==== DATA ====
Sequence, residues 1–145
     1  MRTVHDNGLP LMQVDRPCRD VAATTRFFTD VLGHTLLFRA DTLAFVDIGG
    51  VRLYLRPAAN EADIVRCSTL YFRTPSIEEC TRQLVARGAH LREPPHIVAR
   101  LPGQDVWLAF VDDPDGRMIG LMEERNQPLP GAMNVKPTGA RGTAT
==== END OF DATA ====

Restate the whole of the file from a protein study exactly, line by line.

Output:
Sequence, residues 1–145
     1  MRTVHDNGLP LMQVDRPCRD VAATTRFFTD VLGHTLLFRA DTLAFVDIGG
    51  VRLYLRPAAN EADIVRCSTL YFRTPSIEEC TRQLVARGAH LREPPHIVAR
   101  LPGQDVWLAF VDDPDGRMIG LMEERNQPLP GAMNVKPTGA RGTAT